Paphiopedilum sukhakulii

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Paphiopedilum sukhakulii, a perennial rosulate herb, is small in size, narrowly shaped, pale, and dark green.[1] The outer side of its leaf is light and dark green, and the inner side is gray-green with red dots.[1] The leaves usually reach up to 30 cm height and 5 cm in width.[2] P. sukhakulii flowers are up to 14 cm in diameter, purple-brown and white-haired, with a single flowered inflorescence and a green ovate floral bract that is ⅓ the length of the ovary.[1] The broad oval upper sepal is white with a pink base that usually is 10–13 cm long and 2–6 cm short.[1] It has longitudinal green lines that stretch across the leaf without touching the edges, leaving a narrow white border.[1] The lower sepals look like the upper ones, but much smaller, white and purple, with purple and green lines.[1] The oval-lanceolate petals are arranged horizontally and slightly bent forward.[1] The edges of the petals are slightly wavy and are covered with hairs that are dense and long.[1] These petals are shiny and bright green with darker longitudinal veins and brown-red dots.[1]

Range Description[edit]

True endemic species are often rare, tending to be confined to specific areas.[3] The P. Sukhakulii is one of these rare species with a very restricted distribution at one small location. The P. Sukhakulii is a species of orchid endemic to northeastern Thailand. It grows at heights of 240–1000 meters on Mount Phy Luang Mountains in the province of Loei.[4] This orchid grows in leafy sand-clay linens, usually along mountain streams under the shade of large forest trees. Flowering occurs during the warm months of the year.[2]

P. sukhakulii, is a species of the hill evergreen forest and is very sensitive to the environment.[3][5] It must be grown near rocky high altitude, particular nutrient availability, and shaded habitats.[4]


The population is slowly decreasing and is currently under the category of critically endangered. The P. sukhakulii has been significantly reduced during recent decades due to many threats.

There is a continuing decline in the number of P. sukhakulii and the quality of the habitats in the single location. The estimated number of P. sukhakulii is less than 50 and they all occur in a single subpopulation.[4] The population has declined by 95% over the last decade.[4] This decline is continuing rapidly and the population is projected to decline by 95-99% in the next three generations.[4]

Use and Trade[edit]

The P. sukhakulii is among the most heavily traded ornamental plants in Thailand.[6] P. sukhakulii is collected for commercial use for horticulture, domestic and international trade.[4][6]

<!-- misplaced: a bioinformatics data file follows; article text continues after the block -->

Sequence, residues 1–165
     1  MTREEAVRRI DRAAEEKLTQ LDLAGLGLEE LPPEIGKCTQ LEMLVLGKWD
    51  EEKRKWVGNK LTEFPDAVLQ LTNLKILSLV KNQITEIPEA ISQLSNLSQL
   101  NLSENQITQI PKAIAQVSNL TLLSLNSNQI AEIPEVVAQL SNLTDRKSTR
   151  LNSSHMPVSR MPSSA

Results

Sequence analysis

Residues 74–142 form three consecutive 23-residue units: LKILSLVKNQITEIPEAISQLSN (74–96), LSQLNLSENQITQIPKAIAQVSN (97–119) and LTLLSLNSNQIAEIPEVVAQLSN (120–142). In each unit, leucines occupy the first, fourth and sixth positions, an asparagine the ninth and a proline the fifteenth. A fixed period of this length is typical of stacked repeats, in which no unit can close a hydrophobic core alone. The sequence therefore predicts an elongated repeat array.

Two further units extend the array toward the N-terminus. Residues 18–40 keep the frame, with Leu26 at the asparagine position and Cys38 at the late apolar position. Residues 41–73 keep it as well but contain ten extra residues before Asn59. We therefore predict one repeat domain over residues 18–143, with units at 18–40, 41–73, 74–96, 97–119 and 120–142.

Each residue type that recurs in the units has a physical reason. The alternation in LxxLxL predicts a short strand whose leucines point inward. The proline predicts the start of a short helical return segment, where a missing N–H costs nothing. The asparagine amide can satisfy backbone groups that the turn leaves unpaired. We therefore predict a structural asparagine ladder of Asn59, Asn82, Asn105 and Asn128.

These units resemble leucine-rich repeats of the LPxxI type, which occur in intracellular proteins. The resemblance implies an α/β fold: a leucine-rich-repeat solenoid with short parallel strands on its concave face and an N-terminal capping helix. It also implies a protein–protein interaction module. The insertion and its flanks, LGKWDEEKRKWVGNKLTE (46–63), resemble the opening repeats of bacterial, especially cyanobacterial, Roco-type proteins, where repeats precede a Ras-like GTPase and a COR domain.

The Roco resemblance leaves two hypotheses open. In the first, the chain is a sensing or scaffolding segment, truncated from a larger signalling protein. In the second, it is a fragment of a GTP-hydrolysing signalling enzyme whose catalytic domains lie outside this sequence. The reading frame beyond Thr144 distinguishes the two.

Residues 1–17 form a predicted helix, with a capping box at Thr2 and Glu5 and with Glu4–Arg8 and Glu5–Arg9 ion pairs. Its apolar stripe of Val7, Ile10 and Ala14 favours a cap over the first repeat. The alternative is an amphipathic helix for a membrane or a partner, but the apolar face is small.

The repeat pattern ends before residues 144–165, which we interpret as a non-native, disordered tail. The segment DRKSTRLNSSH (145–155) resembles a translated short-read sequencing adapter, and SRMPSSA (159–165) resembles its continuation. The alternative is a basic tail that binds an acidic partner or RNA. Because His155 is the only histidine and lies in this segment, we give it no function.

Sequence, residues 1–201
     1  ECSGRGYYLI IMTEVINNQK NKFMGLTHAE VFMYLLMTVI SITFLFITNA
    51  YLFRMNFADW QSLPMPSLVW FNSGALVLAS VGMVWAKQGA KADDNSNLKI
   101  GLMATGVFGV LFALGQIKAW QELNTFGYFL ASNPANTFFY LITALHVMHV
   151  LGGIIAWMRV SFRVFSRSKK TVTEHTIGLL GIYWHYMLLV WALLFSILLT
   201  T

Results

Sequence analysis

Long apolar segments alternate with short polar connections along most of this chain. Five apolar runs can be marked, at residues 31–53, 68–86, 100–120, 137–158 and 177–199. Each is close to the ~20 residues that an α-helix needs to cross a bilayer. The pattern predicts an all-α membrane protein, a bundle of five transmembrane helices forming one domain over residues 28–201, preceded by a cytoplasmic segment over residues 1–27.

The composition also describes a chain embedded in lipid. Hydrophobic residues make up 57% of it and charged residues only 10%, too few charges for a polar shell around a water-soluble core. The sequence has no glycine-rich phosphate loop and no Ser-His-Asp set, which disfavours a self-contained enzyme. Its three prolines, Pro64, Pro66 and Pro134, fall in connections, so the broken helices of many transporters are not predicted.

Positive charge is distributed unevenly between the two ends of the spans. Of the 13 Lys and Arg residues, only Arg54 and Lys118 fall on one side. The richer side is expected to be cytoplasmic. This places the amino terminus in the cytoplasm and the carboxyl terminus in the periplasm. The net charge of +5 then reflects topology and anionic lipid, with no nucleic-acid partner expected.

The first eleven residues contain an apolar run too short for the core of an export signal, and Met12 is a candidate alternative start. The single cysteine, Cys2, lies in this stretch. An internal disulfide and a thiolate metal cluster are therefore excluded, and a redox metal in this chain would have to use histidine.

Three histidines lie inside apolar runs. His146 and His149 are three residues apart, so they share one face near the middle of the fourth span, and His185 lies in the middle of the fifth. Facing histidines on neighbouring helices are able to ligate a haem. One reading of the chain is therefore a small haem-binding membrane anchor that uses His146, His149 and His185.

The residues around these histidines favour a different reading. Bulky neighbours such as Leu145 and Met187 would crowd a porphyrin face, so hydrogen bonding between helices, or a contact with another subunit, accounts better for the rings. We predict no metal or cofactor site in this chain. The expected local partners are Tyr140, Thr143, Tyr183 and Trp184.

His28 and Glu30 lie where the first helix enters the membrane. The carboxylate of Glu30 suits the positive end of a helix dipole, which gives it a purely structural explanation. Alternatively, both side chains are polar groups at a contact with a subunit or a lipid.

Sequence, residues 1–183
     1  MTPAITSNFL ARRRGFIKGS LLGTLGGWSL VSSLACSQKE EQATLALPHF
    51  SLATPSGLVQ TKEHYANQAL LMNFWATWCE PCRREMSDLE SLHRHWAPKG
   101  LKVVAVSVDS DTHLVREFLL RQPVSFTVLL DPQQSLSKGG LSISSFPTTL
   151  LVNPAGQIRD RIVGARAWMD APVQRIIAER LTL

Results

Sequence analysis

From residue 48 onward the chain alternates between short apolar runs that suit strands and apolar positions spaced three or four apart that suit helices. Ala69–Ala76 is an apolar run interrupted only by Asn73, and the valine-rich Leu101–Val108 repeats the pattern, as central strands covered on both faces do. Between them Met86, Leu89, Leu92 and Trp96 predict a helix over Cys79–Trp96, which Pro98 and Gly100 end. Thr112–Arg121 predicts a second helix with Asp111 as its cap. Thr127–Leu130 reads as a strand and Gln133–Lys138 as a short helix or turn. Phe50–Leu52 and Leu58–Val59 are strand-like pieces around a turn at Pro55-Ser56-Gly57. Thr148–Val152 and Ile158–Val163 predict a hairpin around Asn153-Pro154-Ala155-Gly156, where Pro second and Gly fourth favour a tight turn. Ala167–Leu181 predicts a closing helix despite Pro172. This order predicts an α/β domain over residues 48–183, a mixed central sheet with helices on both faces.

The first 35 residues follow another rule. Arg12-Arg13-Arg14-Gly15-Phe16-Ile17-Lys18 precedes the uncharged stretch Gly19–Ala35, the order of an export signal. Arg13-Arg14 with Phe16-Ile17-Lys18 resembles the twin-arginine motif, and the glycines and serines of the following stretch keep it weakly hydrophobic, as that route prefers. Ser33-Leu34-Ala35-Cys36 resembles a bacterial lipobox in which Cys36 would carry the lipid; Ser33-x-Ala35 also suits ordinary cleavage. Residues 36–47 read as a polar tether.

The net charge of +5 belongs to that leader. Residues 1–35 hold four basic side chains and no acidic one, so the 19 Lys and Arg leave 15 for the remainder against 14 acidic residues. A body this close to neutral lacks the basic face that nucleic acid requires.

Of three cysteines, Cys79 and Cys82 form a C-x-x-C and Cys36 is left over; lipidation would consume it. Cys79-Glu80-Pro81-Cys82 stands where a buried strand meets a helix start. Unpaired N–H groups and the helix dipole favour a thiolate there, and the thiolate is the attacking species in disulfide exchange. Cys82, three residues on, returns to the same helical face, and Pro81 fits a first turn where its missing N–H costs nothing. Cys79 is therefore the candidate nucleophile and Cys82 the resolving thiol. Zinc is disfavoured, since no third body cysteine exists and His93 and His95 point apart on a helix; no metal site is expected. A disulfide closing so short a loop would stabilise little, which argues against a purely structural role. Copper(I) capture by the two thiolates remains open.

Major Threats[edit]

This species is under numerous threats including habitat fragmentation and degradation through the deterioration of the surrounding environments, deforestation, logging, random cutting, ruthless collection for regional and international trade, trampling, recreation and ecological disturbance.[4]

Conservation Actions[edit]

According to the IUCN Red list, there are many actions that can be done in order to protect the P. sukhakulii. One action that can be done would be protecting the habitat, from collection, trampling, and deforestation.[4] Other actions would be to raise public awareness, initiate long term community based conservation, estimate the population size, and protect the living individuals of the species through legislation and legal protection, which would then ban the species from being chosen or dug up.[4]

Paphiopedilum sukhakulii
Paphiopedilum sukhakuliid.jpg
Scientific classification
P. sukhakulii
Binomial name
Paphiopedilum sukhakulii

Paphiopedilum sukhakulii f. aureum Van Delden ex O.Gruss


  1. ^ a b c d e f g h i "Grow and care Paphiopedilum sukhakulii orchid - Sukhakul's Paphiopedilum". Retrieved 2018-10-08.
  2. ^ a b "BEGINNER'S SERIES Paphiopedilums — Part 1" (PDF).
  3. ^ a b "Some Endangered Plants and Threatened Habitats in South East Asia" (PDF).
  4. ^ a b c d e f g h i "Paphiopedilum sukhakulii (Sukhakul's Paphiopedilum)". Retrieved 2018-10-08.
  5. ^ "Some Rare and Vanishing Plants of Thailand" (PDF).
  6. ^ a b Nontachaiyapoom, Sureeporn; Sasirat, Sawitree; Manoch, Leka (2010-01-28). "Isolation and identification of Rhizoctonia-like fungi from roots of three orchid genera, Paphiopedilum, Dendrobium, and Cymbidium, collected in Chiang Rai and Chiang Mai provinces of Thailand". Mycorrhiza. 20 (7): 459–471. doi:10.1007/s00572-010-0297-3. ISSN 0940-6360. PMID 20107843.

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